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You, yourself and identity theft.

  • Posted on August 21, 2019
Hands typing on a computer with virtual locks

Your identity is one of the most valuable things you own. It's important to keep your identity from being stolen by someone who can potentially harm your good name and financial well-being. If you suspect your personal information has been compromised, you should act immediately.

Protect your identity through education and awareness

  • Never provide your account numbers to anyone unless you do so in person or trust the recipient. 
  • Manage your mailbox - do not leave bill payment envelopes in your mailbox with the flag up. Know your billing cycles
  • Review your credit report from the three credit reporting agencies every year
  • Never leave your purse or wallet unattended
  • Store personal information in a safe place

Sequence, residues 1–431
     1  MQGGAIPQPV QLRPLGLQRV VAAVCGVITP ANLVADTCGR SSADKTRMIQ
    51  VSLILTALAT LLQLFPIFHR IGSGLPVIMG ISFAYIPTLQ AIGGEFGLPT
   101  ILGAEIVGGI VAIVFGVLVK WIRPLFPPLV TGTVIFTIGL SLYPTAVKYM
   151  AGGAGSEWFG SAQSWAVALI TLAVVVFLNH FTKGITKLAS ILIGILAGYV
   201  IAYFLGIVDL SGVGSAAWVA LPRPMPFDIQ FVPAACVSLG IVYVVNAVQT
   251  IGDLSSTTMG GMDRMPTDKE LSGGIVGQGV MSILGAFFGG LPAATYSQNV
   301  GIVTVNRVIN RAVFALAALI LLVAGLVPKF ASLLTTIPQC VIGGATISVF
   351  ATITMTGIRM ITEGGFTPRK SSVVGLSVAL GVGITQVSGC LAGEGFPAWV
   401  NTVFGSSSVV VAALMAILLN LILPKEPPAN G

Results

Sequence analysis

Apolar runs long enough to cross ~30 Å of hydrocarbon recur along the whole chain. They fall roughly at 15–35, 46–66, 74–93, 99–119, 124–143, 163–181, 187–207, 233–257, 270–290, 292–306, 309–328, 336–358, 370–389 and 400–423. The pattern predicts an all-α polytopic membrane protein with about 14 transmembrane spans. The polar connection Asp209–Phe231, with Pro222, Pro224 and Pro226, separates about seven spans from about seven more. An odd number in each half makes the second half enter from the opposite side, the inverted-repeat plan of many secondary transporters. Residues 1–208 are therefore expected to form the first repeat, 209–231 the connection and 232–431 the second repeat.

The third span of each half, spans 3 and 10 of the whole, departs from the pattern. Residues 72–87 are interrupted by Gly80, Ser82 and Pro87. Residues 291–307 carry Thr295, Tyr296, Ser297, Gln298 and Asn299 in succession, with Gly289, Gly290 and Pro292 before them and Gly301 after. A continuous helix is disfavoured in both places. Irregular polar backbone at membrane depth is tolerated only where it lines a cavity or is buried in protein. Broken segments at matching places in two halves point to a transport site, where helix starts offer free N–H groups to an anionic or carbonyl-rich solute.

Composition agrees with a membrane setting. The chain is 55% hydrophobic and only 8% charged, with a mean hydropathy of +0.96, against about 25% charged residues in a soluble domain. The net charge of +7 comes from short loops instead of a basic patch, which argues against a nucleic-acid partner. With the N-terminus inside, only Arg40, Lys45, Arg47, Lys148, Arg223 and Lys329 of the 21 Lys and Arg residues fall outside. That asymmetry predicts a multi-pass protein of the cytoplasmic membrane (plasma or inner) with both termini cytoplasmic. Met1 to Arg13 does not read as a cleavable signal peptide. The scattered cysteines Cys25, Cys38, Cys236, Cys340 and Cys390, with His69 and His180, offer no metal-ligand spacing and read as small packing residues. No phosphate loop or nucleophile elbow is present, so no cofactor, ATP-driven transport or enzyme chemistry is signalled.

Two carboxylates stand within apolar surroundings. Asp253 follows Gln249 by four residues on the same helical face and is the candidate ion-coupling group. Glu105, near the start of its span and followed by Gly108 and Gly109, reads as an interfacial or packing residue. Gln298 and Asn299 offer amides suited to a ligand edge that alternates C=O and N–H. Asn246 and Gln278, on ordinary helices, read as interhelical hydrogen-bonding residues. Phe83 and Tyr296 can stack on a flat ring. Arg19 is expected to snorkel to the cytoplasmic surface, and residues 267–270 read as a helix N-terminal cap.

• Shred documents you don't need
  • Basic rule-of-thumb: don't take chances

Steps to take if you become a victim of identity theft

  • Contact your bank(s) and credit card issuers immediately
  • Immediately report any incident to the Federal Trade Commission at www.identity or call 1-877-IDTHEFT (1-877-438-4338)
  • Place a fraud alert free of charge by contacting any of the three major credit-reporting agencies as soon as you believe your identity and information have been compromised
    • Equifax (1-800-525-6285)
    • Experian (1-888-397-3742)
    • TransUnion (1-800-680-7289)
      • Simply tell the credit agency representative that you’re a victim of identity theft – or suspect you could be soon - and that you need to put a fraud alert on your credit file
      • The agency you contact to place a fraud alert is required to tell the others to set up alerts as well, but it’s smart to request this specifically to ensure the additional alerts are activated.
      • A fraud alert makes it harder for criminals to open new credit in your name because a business will have to verify your identity before a new account is opened. The alert is in effect for 90 days, during which time you can receive free credit reports from each reporting agency so you can check for irregularities and report any financial red flags.
      • After 90 days, you can extend the fraud alert, but you’ll need to file an official identity theft report with the police or a federal agency, as well.

Website resources to help keep you informed

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